Procrastinating on a hard problem, I decided to take a brief diversion to look at Constant Rebalanced Portfolios and Universal Portfolios, lured by Max Dama’s post on UP (Universal Portfolios).   I had read papers on these in the past but never explored them empirically.

CRP is the underpinning of Universal Portfolios, so will focus on CRPs.   Simply stated the CRP approach allocates a fixed % of capital to each asset in the portfolio.   The portfolio is rebalanced each period as some assets will have disproportionally increased or decreased in value.   As Max points out, this is basically a mean-reversion scheme.

Unfortunately, this is a “blind” mean-reversion scheme in the sense that there is no measure of the likelihood of mean-reversion or the period over which it will take place.   The implicit assumption is that mean-reversion will occur between rebalancing periods.    The more worrying aspect is that money in “winning” assets will be diverted to “losing” assets (where by losing, refer to assets that trend downward with little MR in the upward direction).

The classic (and absurd) example where CRP does phenomenally well, is of a pair of assets where one asset is constant and the other asset appreciates and depreciates on alternating periods (in this case up 25% and down 25% repeatedly).   Needless to say, this provides exponential growth (I could only plot the first 100 days without obscuring the other detail):

Empirical Tests
I did not find that CRP did much better than the equivalent Buy & Hold portfolio with the same weightings.  Indeed, depending on transaction costs, could do significantly worse.     There are some asset sets, undoubtedly, that would do much better than Buy & Hold over specific periods, but would be few and far between given the fragility of CRP assumptions.

Making the Concept Work
The CRP concept is one of moving money away from assets we expect will mean-revert (in the negative direction) and increasing money in assets that will mean-revert (in the positive direction).   This is done in a rigid fashion and makes no observation as to whether a devaluing asset is likely to mean-revert in the next period.

It had occurred to me that modifying the rebalancing to take into account the likelihood of mean-reversion or more generally, the likelihood of appreciation or depreciation in the next period would be a better guide in rebalancing the portfolio.    Of course, the performance of such a scheme depends on the degree of accuracy of such measures.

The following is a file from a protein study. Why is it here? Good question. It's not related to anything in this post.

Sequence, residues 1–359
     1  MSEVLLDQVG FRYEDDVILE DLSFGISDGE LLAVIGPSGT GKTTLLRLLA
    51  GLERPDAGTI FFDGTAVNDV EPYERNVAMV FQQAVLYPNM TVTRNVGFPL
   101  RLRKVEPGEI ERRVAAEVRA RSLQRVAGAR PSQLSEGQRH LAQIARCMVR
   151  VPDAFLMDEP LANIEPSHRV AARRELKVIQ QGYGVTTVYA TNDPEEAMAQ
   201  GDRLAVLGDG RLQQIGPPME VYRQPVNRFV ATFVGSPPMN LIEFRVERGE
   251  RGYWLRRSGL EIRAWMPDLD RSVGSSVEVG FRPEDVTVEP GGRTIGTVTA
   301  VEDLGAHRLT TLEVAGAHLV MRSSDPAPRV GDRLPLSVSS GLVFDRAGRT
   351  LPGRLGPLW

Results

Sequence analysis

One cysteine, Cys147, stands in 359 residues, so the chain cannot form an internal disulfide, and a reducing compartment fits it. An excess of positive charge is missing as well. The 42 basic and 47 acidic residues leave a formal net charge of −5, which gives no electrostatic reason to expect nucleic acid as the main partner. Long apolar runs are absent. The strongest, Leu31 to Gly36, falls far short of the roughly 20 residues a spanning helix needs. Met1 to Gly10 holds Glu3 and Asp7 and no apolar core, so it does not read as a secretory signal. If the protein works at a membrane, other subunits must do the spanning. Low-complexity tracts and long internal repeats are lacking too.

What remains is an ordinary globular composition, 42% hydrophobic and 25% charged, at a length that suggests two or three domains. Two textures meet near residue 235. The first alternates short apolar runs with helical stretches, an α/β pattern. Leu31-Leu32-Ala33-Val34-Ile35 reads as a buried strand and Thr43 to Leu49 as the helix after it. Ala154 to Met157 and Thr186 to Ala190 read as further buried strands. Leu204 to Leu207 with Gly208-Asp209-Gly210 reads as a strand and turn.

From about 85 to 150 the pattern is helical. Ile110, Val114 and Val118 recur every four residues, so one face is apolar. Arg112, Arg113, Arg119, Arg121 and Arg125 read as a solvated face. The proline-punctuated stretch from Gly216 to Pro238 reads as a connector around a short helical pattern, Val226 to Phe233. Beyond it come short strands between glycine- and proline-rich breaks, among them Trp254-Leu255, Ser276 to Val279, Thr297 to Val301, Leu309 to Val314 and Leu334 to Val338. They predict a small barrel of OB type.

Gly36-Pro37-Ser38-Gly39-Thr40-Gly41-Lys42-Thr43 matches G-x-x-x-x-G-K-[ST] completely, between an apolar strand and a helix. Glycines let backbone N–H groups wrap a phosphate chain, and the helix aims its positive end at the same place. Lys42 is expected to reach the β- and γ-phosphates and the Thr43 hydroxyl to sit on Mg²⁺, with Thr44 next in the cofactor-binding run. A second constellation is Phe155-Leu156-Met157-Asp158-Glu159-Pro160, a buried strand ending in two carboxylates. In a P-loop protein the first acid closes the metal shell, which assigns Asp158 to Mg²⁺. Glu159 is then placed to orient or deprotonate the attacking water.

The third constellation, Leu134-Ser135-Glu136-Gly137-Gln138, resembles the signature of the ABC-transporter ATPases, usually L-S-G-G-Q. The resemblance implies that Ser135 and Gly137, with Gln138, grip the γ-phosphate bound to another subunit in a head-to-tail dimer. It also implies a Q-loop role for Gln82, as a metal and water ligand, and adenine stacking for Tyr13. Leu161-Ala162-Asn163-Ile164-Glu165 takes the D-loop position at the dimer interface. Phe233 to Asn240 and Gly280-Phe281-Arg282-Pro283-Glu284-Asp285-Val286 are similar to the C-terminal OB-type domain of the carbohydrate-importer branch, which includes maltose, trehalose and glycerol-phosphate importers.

Not surprisingly, there has been work in this area, for instance the ANTICOR algorithm described by (Borodin, El-Taniv, and Gogan) in “Can We Learn to Beat the Best Stock”.    Their approach is to use the autocorrelation and cross-correlation of prior periods to adjust the portfolio weighting in a CRP portfolio.

The fragility in this approach is two-fold:

  1. relies on fixed windows as a means to determine correlation or anti-correlation
    I would expect that mean-reversion cycle periods would differ for different assets.   That said, they need a way to compare across assets, so may be a reasonable compromise.
  2. correlation is a coarse measure
    There are other measures that may be more effective in determining future mean-reversion or direction.

That said, the approach is parsimonious and seems to have performed quite well in the empirical tests.

Pattern / Sequence Learning Approaches
There have been a number of papers describing approaches where the choice of weightings for the portfolio in the next period is determined based on finding prior patterns that match the current local pattern in past data.   I.e. the prior K returns are converted to a series of symbols and compared to historical sequences.   One attempts to locate the approximate sequence one or more more times in past history and observe the optimal portfolio weights that maximized cumulative return in the past.    This is repeated with varying length and discretization “fuzziness”.

The observed weights are blended based on the performance of the past weightings and degree of match with the current sequence.    The authors point to excellent results on empirical data.   It is surprising that there is a reasonable amount of information in the daily returns, I had thought would be more dominated by noise.

One Final Note
Although I have been “disparaging”  CRP, it can be shown that some weighting of CRP will yield the most optimal portfolio provided returns are i.i.d.   There lies the rub.


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